Artists: Cecilia López, Jules Gimbrone, Nikita Gale, Thessia Machado, Nao Nishihara, Adrian Piper, and Stevie Say and Lucie Vítková
Reception: No reception event due to COVID 19
Panel Discussion: September 23, 2020 (5:00-7:00 PM)
featuring Cecilia López, Jules Gimbrone, Nikita Gale and Thessia Machado
Moderator: Mark Hodge
Lecture: October 29, 2020 (6:00 PM)
Art and Dirt: Kim Gordon’s Aesthetics of Impurity
Branden W. Joseph, Frank Gallipoli Professor of Modern and Contemporary Art, Columbia University
Virtual Gallery Tours: By appointment
Gainesville, Fla. —In, Of, From: Experiments in Sound is an exhibition that explores new ways of understanding the relationship between sound art and the traditional gallery experience. This exhibition will focus on a group of contemporary artists who have been experimenting with sound in their work. It is being organized in collaboration with artists Cecilia López and Jules Gimbrone. The exhibition intends to invite visitors to explore the connection between art and technology and seeks to introduce an examination of this connection that is especially apt in our current cultural context that is shaped by a dependence upon and an abuse of technology.
The works in this exhibition create a tension within the widely accepted practices of art display. They require the gallery visitor to rethink the specific temporalities and spatiality of the exhibition space with the goal of creating new dialogues in the academic context and wider art world. Primarily, the exhibition consists of four installations (known as “Scenarios”) designed by four artists. Each of these installations were specifically made for the University Gallery space and (due to COVID-19 restrictions) constructed entirely in-house.
RED, in its different iterations, is a piece that investigates interactions with unstable acoustic feedback systems. It is simultaneously a sculpture and a sonic process. The piece consists of a speaker-wire weaved net that holds drums and functions as a complex sound producing feedback organism. The cables that make up the net are connected to speakers and contact microphones turning its structure into an instrument that resonates with the bodies of the drums.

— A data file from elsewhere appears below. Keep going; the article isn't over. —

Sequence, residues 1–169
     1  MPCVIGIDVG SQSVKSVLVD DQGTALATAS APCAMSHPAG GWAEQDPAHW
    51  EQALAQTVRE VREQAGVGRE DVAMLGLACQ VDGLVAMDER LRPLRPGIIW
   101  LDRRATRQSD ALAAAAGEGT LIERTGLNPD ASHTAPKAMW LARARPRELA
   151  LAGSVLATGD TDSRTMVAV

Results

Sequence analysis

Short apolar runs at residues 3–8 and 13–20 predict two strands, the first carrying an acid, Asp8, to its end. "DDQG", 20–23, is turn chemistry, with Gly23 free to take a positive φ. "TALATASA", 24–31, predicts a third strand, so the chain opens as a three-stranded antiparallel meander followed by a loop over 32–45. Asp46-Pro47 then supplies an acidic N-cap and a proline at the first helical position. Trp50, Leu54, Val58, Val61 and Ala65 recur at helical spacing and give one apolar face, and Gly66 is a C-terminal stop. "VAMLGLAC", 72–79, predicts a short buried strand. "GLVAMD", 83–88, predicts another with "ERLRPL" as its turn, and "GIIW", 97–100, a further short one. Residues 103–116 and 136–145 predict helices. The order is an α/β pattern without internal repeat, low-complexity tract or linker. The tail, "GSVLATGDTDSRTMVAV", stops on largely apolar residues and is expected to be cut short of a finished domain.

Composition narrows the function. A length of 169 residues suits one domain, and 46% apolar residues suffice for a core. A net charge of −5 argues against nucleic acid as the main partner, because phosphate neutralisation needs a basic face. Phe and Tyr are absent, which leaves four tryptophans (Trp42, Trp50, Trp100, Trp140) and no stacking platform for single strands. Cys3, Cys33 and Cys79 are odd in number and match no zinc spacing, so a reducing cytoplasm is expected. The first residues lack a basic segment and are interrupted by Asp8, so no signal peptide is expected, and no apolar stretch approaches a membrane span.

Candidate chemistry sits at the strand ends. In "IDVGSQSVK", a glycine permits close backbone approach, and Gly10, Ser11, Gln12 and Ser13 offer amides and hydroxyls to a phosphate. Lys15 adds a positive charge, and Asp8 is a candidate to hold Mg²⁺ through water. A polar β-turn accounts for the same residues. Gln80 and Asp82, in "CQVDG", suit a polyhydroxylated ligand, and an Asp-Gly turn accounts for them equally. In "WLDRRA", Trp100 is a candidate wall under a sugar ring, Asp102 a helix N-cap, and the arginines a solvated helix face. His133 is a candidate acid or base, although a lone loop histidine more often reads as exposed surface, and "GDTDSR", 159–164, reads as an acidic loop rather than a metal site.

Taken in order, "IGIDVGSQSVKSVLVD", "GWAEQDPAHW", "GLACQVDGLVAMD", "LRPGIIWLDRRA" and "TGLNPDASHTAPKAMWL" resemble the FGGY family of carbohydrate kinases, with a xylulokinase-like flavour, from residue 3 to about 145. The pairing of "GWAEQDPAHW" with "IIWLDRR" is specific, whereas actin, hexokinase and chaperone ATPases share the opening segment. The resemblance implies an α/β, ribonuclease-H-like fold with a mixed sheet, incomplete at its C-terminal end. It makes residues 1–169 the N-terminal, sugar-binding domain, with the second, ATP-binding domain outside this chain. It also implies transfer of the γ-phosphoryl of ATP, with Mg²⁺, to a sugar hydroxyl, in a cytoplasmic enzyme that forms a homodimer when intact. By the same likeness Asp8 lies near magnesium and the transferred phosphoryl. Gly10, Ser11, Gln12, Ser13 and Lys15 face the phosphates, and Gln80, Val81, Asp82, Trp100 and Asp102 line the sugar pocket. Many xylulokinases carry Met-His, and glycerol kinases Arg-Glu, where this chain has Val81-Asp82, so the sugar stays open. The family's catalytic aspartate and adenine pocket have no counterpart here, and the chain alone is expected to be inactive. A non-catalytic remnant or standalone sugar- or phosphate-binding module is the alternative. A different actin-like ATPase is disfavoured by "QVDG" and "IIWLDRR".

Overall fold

Cecilia Lopez is a composer, musician and multimedia artist from Buenos Aires, Argentina. Her work explores perception and transmission processes focusing on the relationship between sound technologies and listening practices. She works across the media of performance, sound, installation, sculpture and the creation of sound devices. She holds an MFA from the Milton Avery Graduate School of the Arts, Bard College and an MA from Wesleyan University in composition (2016).
Title: Traps and Transmutations, 2
Artist: Jules Gimbrone
Materials: Metal and plywood frame, microphone, sound cables, knives, cast soap, water balls, microphones cast in resin, a desiccated banana
Traps and Transmutations, 2 is a cosmology of vibrating actants and actors composed on a resonating stage. The traps come in the appearance of static forms, recording mechanisms and quantifiable technologies. The transmutations are all of the forces pushing away from, cutting, degrading and liberating these forms.
Jules Gimbrone (b. 1982 Pittsburgh; lives and works in NYC) creates fragile corporeal sound and sculptural ensembles that highlight the differentiations between modes of perceptual acquisition—specifically visual and sonic—within complex and precarious arrangements of subjects and objects.
Scenario 3 is composed of two individual works, entitled INTERCEPTOR and DECENT
Artist: Nikita Gale
Materials: Microphone stands, cables, metal studs
Gale’s large installations, such as Interceptor are informed by the relationship between histories of protest and the urban landscape and, more recently, new theories about mass communication, social relationships, and listening. This work features a crowd control barricade, which signifies authority and power; however, the artist has reconfigured this item with microphones and cables in an innovative sonic orientation that grants it new currency and meaning.
Artist: Nikita Gale
Materials: HD video with audio
Decent is an almost nine-minute video in which a visual representation of the sound waves of an audio recording appears on a high definition screen. The recording, which can be listened to through headphones, features the artist discussing her relationship with her family and her family surname, which she no longer takes as her own, while music and assorted other sounds play in the background.